Gags and sensational developments follow continuously one after the other, ably managed by Mattoli’s direction, allowing to the actors to vent all their Neapolitan comic charge, from the adults to the young starring Franco Melidoni that plays the role of Peppeniello with his “Vincenzo is father to me”, test-bed of many actors (the same De Filippo brothers were thrower from the same role). In short, this movie doesn’t minimally show the time’s usury, on the contrary it continues to have the same shine of that age, throwing among gibes and gags even pills of wisdom: which is the true nobility? That one of the name or that one of the mind?
Second movie of the “Trilogy” by Scarpetta, “Poverty and Nobility” can be considered the masterpiece of the farcical genre among all Antonio De Curtis performances. If in “A Neapolitan Turk” the allusion to the theatre was evident with the small final curtain, at the end of the movie, giving the illusion to have attended a stage play, in “Poverty and Nobility” the reference is predated and declared, it becomes out-and-out language, revealing Mattoli intention to want to make the true stage play (just the Scarpetta parody) simply shooting it. The illusion is made perfect by the exhibit of the till wall chart, with single seats prices and the theatre programme.
When the curtain opens, with a slow zoom, the camera moves closer to the stage setting until getting it. Just then spectacle begins. Actually “Poverty and Nobility”, in respect to “A Neapolitan Turk”, is a further step, radical and extreme, of Mattoli poetic works, aiming to bring back the cinema into the theatre: there aren’t real scenes outside because everything is visibly showed and even boasted as theatre. The movie boils down to three fixed scenes: Sciosciammocca house, the alley adjacent S. Carlino theatre (one more allusion) and Don Gaetano house.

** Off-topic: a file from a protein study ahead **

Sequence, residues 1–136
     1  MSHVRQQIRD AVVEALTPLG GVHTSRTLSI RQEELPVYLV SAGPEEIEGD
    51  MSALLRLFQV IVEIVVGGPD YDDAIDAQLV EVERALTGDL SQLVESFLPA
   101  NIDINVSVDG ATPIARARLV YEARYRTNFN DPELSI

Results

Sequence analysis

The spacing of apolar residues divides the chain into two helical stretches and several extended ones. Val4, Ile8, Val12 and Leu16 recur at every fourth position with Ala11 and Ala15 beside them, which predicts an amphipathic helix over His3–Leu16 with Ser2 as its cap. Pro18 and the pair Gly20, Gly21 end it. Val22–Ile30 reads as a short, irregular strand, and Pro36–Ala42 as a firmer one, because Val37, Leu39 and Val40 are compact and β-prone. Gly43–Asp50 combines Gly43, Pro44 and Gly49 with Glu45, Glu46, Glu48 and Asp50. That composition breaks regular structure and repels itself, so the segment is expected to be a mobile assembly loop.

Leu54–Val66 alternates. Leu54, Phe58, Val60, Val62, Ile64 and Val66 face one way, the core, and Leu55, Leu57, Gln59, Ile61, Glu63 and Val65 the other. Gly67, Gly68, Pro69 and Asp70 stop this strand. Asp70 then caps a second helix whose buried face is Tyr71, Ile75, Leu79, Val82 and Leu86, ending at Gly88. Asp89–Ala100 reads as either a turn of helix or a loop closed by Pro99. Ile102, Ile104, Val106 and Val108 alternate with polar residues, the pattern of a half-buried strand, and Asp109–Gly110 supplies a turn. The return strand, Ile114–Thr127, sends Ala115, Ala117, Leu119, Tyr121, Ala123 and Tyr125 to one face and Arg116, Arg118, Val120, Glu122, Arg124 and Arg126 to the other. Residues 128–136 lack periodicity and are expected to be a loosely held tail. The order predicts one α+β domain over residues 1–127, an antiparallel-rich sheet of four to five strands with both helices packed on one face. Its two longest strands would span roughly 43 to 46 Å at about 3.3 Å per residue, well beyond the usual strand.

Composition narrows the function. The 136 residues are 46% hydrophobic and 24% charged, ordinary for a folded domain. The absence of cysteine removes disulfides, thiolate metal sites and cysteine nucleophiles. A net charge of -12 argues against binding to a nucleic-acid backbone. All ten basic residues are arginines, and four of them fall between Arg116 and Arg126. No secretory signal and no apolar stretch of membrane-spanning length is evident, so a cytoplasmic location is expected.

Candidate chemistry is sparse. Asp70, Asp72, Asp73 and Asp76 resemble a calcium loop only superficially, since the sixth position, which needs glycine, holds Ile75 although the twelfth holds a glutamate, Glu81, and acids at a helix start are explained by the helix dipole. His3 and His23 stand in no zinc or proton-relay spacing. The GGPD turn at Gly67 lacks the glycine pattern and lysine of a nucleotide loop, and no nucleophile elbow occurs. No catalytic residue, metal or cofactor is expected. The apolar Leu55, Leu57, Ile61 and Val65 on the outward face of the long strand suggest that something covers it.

In a such a evident theatrical contest, De Curtis gives the best of his enormous resources as actor, applied to the farcical genre. In a parody as this one, lacking of an ideological base and built on a good-natured, courteous and ironic debasing of human defects, De Curtis moves with a big freedom, taking off all realistic features from his face and his mimicry and distorting the performance in expressionistic terms. Scripted as well as by Mattoli, by Ruggero Maccari too (one of “Commedia all’Italiana” father), the movie tends to blend, from the stylistic point of view, the Commedia dell’Arte and the Neapolitan sceneggiata.
The vaudeville and the pochade. The characters qualities are well outlined and the story develops according to a classical plot, where pretences, double-dealings, final recognitions, deceits, opposed loves and mistaken identities are this story ingredients. Recovering the features from many previous movies, the character of Sciosciammocca in “Poverty and Nobility” promotes the hunger theme to a level of scenic apotheosis almost metaphysical (Felice declares to want to get married with the cook). All tongs of the starring spring up as a CR with reference to the hunger and the food only, so it becomes the main motive of the story. Totò is perfect as get legitimate to play in the theatre with no mediation. His usher is mobile and plastic, it is transformed also deeply depending on the frame of mind, with never loosing the focal point that is the hunger, the misery, etc, but especially the courteous irony with which these ones are treated and showed.